2. DOCUMENTS FALLING WITHIN THE SCOPE OF THE REQUEST
Within the statutory time limits foreseen by Regulation 1049/2001, DG CONNECT has been
able to identify the following documents falling within the scope of your application:
- Meeting between Carl-Christian Buhr, Cabinet member of Mariya Gabriel and
Microsoft on 5/10/2017
1. BTO meeting 5/10/2017
- Meeting between Laure Chapuis and Juhan Lepassaar, Cabinet members of Andrus
Ansip and Microsoft on 18/10/2017
2. Meeting with Microsoft on ePrivacy
- Meeting between Vice-President Andrus Ansip, Juhan Lepassaar, Cabinet members
of Andrus Ansip and Microsoft on 15/02/2017
3. Briefing Meeting_Microsoft_20170215
4. Meeting VP Ansip with Microsoft
- Meeting between Commissioner Mariya Gabriel and Microsoft on 27/06/2018
5. Briefing meetings Webit_June2018
- Meeting between Commissioner Mariya Gabriel and Microsoft on 31/05/2018
6. Briefing Digital Economy Accelerator for Growth
- Meeting between Vice-President Andrus Ansip, Mariya Gabriel and Microsoft on
7. Briefing for MG illegal content 9.1
8. Briefing for VP AA - Roundtable with CEOs of various online platforms
9. Annex 1
10. Annex 1bis
11. Annex 2
12. Annex 3
13. Short report illegal content 9 January
15. Notes of afternoon meeting on illegal content on 9.1
16. Notes of the roundtable IR
17. Notes of the roundtable
3. ASSESSMENT UNDER REGULATION 1049/2001
Having examined these documents under the provisions of Regulation 1049/2001, we have
arrived at the conclusion that full access can be given to two documents whereas partial
access can be granted to nine documents. Access must be refused for six documents since an
exception under Article 4 of the Regulation applies.
a. Full access
Please find enclosed a copy of document 11 and 14.
Document 11 is an internal, preparatory document for a meeting, which is part of a briefing (see
documents 7 and 8). It does not reflect the position of the Commission and cannot be quoted as such.
Please note that document 14 is also publicly available via the following link:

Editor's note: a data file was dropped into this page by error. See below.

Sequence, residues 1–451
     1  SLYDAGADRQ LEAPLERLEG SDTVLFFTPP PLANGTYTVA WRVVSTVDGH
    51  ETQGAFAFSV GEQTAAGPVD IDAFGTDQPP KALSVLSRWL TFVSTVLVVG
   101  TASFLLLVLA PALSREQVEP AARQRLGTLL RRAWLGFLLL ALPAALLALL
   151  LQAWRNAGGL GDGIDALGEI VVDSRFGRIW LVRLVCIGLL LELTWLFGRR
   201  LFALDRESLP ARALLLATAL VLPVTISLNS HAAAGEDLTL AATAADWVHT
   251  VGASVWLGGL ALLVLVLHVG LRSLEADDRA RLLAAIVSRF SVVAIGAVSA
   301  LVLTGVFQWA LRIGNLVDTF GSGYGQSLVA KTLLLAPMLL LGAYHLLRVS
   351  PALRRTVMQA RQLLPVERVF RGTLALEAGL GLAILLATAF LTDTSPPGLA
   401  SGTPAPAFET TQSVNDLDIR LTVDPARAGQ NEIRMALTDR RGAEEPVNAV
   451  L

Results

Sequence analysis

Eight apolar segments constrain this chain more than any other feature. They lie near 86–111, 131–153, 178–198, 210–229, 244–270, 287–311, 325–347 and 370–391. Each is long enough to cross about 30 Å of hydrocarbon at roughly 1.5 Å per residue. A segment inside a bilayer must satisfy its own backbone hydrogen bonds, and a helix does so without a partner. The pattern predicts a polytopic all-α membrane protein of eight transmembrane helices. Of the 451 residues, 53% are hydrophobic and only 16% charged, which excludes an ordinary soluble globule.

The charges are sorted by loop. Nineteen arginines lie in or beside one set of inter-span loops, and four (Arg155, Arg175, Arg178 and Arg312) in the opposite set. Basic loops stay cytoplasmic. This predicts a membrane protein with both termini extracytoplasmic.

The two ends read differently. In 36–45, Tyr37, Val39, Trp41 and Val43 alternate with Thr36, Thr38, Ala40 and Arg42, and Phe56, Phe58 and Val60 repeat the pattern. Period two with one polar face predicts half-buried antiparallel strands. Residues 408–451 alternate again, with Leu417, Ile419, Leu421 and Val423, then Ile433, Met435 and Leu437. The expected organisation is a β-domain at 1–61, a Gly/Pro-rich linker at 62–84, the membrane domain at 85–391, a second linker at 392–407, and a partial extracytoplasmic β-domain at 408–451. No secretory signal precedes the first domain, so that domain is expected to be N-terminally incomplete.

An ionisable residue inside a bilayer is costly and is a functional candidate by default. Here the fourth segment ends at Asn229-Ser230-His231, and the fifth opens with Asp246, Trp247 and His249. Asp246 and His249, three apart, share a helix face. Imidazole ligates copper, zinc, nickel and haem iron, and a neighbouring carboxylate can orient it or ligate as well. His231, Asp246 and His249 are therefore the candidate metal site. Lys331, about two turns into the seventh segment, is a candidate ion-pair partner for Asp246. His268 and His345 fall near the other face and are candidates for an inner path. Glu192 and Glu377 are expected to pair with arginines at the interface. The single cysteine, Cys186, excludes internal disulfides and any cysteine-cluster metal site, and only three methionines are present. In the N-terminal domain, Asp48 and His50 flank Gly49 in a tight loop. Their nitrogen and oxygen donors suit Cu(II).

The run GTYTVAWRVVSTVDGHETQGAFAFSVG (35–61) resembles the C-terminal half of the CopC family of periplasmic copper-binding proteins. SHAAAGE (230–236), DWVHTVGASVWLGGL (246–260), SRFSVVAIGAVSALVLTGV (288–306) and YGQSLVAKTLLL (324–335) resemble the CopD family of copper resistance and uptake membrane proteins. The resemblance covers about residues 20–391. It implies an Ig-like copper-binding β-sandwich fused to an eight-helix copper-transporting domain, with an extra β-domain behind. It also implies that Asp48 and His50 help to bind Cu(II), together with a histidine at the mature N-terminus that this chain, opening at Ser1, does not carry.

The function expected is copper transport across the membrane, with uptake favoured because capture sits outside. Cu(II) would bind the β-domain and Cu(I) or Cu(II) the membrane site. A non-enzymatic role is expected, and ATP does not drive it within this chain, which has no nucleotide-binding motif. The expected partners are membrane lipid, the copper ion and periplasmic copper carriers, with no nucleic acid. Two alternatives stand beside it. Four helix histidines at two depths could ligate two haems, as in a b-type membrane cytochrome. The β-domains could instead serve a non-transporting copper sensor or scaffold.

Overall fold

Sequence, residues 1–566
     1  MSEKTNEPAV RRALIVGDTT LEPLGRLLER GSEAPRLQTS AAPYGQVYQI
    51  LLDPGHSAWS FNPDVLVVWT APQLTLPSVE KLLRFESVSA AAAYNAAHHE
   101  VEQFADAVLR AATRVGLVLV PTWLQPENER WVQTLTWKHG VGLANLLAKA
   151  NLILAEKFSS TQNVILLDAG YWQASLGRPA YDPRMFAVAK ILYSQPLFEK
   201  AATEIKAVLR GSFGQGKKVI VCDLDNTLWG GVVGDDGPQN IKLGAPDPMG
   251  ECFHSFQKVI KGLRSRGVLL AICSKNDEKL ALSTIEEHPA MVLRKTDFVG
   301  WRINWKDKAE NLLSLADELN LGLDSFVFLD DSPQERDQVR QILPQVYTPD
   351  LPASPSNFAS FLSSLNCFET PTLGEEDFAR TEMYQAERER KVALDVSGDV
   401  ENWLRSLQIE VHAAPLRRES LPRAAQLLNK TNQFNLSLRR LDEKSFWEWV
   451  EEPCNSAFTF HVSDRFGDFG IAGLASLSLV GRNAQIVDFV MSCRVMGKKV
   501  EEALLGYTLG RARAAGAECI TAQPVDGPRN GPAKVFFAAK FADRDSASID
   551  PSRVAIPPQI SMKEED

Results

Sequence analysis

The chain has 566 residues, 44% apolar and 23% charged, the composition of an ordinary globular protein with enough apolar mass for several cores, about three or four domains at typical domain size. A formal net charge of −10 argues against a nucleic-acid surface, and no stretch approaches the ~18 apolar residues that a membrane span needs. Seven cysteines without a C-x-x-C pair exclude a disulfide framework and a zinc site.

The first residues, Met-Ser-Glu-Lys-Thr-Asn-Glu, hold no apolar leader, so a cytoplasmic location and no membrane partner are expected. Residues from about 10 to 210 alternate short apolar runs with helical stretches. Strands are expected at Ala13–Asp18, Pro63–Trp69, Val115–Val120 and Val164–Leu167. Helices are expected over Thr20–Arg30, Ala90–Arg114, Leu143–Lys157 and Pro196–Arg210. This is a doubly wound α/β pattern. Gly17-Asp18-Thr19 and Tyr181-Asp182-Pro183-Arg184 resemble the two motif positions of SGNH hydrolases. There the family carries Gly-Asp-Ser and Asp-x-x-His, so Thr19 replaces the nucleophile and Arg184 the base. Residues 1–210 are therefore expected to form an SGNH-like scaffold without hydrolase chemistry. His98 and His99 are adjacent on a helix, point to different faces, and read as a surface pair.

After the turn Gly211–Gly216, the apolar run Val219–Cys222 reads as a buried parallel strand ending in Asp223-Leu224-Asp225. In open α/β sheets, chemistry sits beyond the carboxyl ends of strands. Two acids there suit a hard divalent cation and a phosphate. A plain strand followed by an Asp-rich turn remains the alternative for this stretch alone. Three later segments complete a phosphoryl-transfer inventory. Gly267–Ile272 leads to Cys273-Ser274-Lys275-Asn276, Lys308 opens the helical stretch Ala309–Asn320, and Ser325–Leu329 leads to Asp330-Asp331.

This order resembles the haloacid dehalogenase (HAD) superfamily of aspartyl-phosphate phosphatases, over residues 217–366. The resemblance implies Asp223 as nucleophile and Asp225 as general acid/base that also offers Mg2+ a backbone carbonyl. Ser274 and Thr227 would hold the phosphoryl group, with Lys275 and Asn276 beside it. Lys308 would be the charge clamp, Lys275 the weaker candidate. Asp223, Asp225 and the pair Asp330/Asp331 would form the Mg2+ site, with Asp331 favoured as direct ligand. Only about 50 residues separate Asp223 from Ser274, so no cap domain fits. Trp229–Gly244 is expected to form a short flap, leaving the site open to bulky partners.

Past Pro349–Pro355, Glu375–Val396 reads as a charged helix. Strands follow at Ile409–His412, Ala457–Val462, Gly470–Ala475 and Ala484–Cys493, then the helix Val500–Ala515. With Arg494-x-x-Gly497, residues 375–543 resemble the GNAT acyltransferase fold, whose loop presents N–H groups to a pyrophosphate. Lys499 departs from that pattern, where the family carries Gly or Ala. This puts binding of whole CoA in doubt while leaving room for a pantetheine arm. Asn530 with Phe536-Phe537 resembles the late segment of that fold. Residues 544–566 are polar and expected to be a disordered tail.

You may reuse document 14 free of charge for non-commercial and commercial purposes
provided that the source is acknowledged, that you do not distort the original meaning or
message of the document. Please note that the Commission does not assume liability stemming
from the reuse.
b. Protection of privacy and integrity of the individual
Pursuant to Article 4(1)(b) of Regulation 1049/2001, access to a document has to be refused if
its disclosure would undermine ‘the protection of privacy and the integrity of the individual, in
particular in accordance with European Union legislation regarding the protection of personal
The applicable EU legislation in this field is Regulation (EC) No 2018/1725 of the European
Parliament and of the Council of 23 October 2018 on the protection of natural persons with
regard to the processing of personal data by the Union institutions, bodies, offices and agencies
and on the free movement of such data, and repealing Regulation (EC) No 45/2001 and
Decision No 1247/2002/EC (‘Regulation 2018/1725’).
Parts of documents 1-8, 10 and 12 contain personal data (names, contact details and
handwritten signatures) of Commission staff or third parties.
Indeed, Article 3(1) of Regulation 2018/1725 provides that personal data ‘means any
information relating to an identified or identifiable natural person […]
’. The Court of Justice
has specified that
any information, which by reason of its content, purpose or effect, is linked
to a particular person is to be considered as personal data.4
In its judgment in Case C-28/08 P (Bavarian Lager), the Court of Justice ruled that when a
request is made for access to documents containing personal data, the Data Protection
Regulation becomes fully applicable
Pursuant to Article 9(1)(b) of Regulation 2018/1725, personal data shall only be transmitted
to recipients established in the Union other than Union institutions and bodies if ‘[t]he
recipient establishes that it is necessary to have the data transmitted for a specific purpose in
4 Judgment of the Court of Justice of the European Union of 20 December 2017 in Case C-434/16, Peter
Nowak v Data Protection Commissioner
, request for a preliminary ruling, paragraphs 33-35, ECLI:EU:C:2017:994.
the public interest and the controller, where there is any reason to assume that the data
subject’s legitimate interests might be prejudiced, establishes that it is proportionate to
transmit the personal data for that specific purpose after having demonstrably weighed the
various competing interests’
According to Article 9(1)(b) of Regulation 2018/1725, the European Commission has to
examine the further conditions for a lawful processing of personal data only if the first
condition is fulfilled, namely if the recipient has established that it is necessary to have the
data transmitted for a specific purpose in the public interest. It is only in this case that the
European Commission has to examine whether there is a reason to assume that the data
subject’s legitimate interests might be prejudiced and, in the affirmative, establish the
proportionality of the transmission of the personal data for that specific purpose after having
demonstrably weighed the various competing interests.
In your request, you do not put forward any arguments to establish the necessity to have the
data transmitted for a specific purpose in the public interest. Therefore, the European
Commission does not have to examine whether there is a reason to assume that the data